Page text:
In retrospect, our expectations of communal space seemed breathtakingly relaxed in the time before. Particularly in office culture, where über-casual atmospheres sprang from Silicon Valley and coursed through global interiors like big tech energy, the collaborative environment was analogous with one big idea: the open floor plan.
Walls came down, nudging co-workers to collaborate, and the cubicle was swiftly seen as an affront to creativity. Hip offices broke down barriers even further, blurring the traces of corporate attitude with vibes you’d expect from coffee shops and restaurants, creating relaxed workplaces that encouraged a social atmosphere.
But then Covid happened, and suddenly these wide-open spaces seemed precarious—as if built to amplify a sneeze.
Of course, the proliferation of amorphous space already had pushback from coworkers who felt the lack of barriers lacked privacy, tantamount to sharing the same desktop as everyone in the office. But as many of start-uppity names that cemented the aesthetic, from Shopify to Twitter, embrace new “digital by default” strategies, the future design of these spaces is a moving target.
To get an idea of what a new social space might entail, even beyond the workplace, we spoke with three of Canada’s innovative design studios—all of which just so happened to have created workable solutions long before the pandemic—to get their read on what communal space might look like in the future.
“Social spaces are the most difficult areas to solve for in the office in the Covid world,” says Lee Fletcher, a founding partner of Fig40, an industrial design studio based in Toronto. “[They] are inherently fluid, and most likely dependent on the culture and protocols of each specific workplace.” Fletcher’s studio specializes in the type of furniture that inspires collaboration, often taking form as furniture that can be easily moved or reconfigured.
Regardless of site-specific conditions, Fletcher believes there are several key design elements that future spaces will need to consider. Chief among those needs are materials, likely drawing on lessons from healthcare furniture in both composition and material, as well as the idea of working together—and finding formats that make it work.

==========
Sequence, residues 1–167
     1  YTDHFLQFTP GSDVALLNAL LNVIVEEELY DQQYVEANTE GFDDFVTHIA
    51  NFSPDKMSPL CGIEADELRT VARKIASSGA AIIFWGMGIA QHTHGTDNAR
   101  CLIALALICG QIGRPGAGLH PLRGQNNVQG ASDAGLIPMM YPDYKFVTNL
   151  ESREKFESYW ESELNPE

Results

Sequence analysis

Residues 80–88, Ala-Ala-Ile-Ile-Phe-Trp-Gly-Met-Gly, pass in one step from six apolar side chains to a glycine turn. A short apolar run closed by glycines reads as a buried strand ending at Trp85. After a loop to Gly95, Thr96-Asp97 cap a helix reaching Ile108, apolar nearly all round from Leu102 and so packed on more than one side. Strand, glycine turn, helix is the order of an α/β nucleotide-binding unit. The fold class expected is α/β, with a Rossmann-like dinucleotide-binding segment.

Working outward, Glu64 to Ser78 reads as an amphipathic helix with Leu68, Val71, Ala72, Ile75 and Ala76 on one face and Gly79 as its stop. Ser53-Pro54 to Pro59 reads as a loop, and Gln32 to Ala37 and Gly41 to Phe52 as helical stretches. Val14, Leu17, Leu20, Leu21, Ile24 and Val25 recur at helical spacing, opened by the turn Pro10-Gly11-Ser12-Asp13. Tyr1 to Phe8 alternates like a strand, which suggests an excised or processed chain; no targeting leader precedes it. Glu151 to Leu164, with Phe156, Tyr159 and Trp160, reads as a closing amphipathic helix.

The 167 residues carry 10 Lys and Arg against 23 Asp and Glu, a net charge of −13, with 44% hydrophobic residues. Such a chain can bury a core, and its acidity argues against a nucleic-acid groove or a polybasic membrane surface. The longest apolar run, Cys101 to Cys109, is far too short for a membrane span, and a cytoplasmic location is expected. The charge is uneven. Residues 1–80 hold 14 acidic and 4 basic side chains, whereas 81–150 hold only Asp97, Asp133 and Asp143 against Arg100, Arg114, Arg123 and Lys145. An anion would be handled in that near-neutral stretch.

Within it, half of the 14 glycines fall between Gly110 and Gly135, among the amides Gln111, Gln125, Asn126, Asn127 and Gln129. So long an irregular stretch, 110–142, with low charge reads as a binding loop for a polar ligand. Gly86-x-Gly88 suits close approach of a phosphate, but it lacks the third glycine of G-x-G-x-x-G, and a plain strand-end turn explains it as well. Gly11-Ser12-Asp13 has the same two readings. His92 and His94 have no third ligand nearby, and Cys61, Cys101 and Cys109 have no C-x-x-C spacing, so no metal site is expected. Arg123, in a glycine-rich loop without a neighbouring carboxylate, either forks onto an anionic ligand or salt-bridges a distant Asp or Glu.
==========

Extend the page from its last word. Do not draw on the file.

“The layout of chairs and screens can remind people to keep distance. A casual drop-by for instance could be handled with some strategically placed planters, well-sized screens and counter surfaces, putting people naturally at ease all the while at a safe distance,” he says.
Anticipating the need for more dynamic workplaces, Fig40 just launched a new collection, two years in the making, called Still with Stylex, which was recently expedited as a result of the pandemic.
“Its focus is to create smaller, intimate spaces within larger open areas,” Fletcher explains of his studio’s new concept for partitions. “There are slatted, ‘see through’ sections as well to ease the transition from open to enclosed spaces, helping to create distance without creating barriers. The varied compositions all work to create a new landscape, and the systems nature of the collection also allow for varied levels of enclosure and distancing. They can also be used to direct traffic flow.”
In Vancouver, the co-founders of the design studio molo, Stephanie Forsythe and Todd MacAllen, believe there are a few design principles that will be reinforced as a result of the pandemic. “The ideas of being able to adjust space for changing needs over time have stayed the same but clearly with Covid there is an increased need for physical separation in many different types of spaces,” say Forsythe and MacAllen.